Based on the Greek myth of Agamemnon, House of Names by Colm Tóibín retells the story of Agamemnon’s sacrifice of his daughter Iphigenia to appease the gods; Clytemnestra’s revenge; and Orestes’ eventual murder of his mother to avenge his father’s death. Tóibín deviates from the original myth by minimizing the role of the gods and placing the action squarely on the shoulders of his characters. The point of view alternates between Clytemnestra, Orestes, Electra, and the ghost of Clytemnestra. The sacrifice of Iphigenia unleashes a cascade of catastrophes in which there is no shortage of political intrigue, blood-spilling, betrayal, and murder.
The opening section, told from Clytemnestra’s first person point of view, is the most riveting part of the novel. We share in her excitement as she prepares her daughter for the impending nuptials. We experience her anxiety and rage when she discovers Agamemnon’s deception. We hear her screams until she is forcibly silenced, gagged, and thrown into a pit while her daughter is dragged to the sacrificial altar. And as the novel progresses, we witness her descent into a cruel, violent monster.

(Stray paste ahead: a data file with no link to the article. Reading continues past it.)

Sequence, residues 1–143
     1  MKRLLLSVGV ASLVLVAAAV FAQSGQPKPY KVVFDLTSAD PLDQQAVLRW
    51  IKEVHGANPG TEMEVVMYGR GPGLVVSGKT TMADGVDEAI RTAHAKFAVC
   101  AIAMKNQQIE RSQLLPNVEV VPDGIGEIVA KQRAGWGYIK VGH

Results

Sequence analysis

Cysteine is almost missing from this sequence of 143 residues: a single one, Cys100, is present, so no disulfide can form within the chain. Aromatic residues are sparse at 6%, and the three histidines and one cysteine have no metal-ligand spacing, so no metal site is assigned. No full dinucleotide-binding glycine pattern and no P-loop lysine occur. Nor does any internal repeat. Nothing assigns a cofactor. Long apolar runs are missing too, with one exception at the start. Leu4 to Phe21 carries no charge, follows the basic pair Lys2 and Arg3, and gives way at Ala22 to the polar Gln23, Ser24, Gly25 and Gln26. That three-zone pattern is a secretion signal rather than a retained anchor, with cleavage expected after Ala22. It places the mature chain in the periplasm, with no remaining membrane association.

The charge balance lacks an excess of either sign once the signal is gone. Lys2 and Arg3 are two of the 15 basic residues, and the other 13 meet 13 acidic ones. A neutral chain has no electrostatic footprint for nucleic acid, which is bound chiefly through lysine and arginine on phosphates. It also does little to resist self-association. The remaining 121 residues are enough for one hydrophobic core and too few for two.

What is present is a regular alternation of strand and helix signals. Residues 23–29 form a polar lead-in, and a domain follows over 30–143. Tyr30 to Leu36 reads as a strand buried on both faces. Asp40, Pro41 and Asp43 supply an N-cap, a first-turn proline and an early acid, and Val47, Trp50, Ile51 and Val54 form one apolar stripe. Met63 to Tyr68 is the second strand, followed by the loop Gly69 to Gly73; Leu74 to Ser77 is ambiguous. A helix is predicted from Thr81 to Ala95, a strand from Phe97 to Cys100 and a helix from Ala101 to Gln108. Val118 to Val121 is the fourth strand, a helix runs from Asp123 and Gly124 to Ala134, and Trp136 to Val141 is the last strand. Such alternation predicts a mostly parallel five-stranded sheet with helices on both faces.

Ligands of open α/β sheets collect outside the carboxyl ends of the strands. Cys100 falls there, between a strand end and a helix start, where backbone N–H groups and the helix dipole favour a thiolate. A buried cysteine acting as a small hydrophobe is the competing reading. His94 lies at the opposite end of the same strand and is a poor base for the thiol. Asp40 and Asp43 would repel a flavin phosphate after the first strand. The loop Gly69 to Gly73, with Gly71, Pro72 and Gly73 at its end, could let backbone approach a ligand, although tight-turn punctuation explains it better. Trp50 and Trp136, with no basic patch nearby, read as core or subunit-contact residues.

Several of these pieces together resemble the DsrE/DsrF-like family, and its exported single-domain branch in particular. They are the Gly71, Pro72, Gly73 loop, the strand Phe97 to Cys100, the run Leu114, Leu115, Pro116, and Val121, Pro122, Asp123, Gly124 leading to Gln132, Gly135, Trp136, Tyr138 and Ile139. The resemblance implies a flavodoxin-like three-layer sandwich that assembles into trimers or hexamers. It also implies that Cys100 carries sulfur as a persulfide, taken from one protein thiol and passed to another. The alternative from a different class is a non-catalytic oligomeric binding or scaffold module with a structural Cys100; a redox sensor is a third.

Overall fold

Electra and Orestes are not portrayed as convincingly as is their mother. They seem to lack motivation and, in the case of Orestes, are more acted upon than acting. Orestes is portrayed as weak, hesitant, and submissive. He is a follower rather than a leader, taking his direction from Leander when they escape from their kidnappers and from Electra when he murders his mother. Electra is stronger and more capable of leading than is her brother. She shares her mother’s capacity for plotting and scheming and has assumed many of her mother’s mannerisms by the end of the novel. Interestingly enough, both Orestes and Electra refuse to hold their father responsible for Iphigenia’s death. But they have no qualms about blaming their mother for avenging her death.
Tóibín is at his best in his portrayal of Clytemnestra. He skillfully depicts her as larger than life, as the axis around which everyone revolves. She is a mother consumed with rage at a father who willingly sacrifices his daughter. She plots her revenge with meticulous care and relish. Her anger is augmented by her belief in the futility of the sacrifice since for her either the gods no longer exist or, if they do, they are indifferent to the actions of humans. Whatever sympathy one may initially feel for Clytemnestra rapidly dissipates, however, as we witness her plummeting in a vortex of cruelty, corruption, loneliness, paranoia, deception, and murder.
House of Names is an engaging read in spite of some of its drawbacks. Tóibín’s imaginative retelling of the story is compelling in many ways, especially in his portrait of Clytemnestra and in his depiction of the political intrigue and devious machinations plaguing the dysfunctional house of Atreus.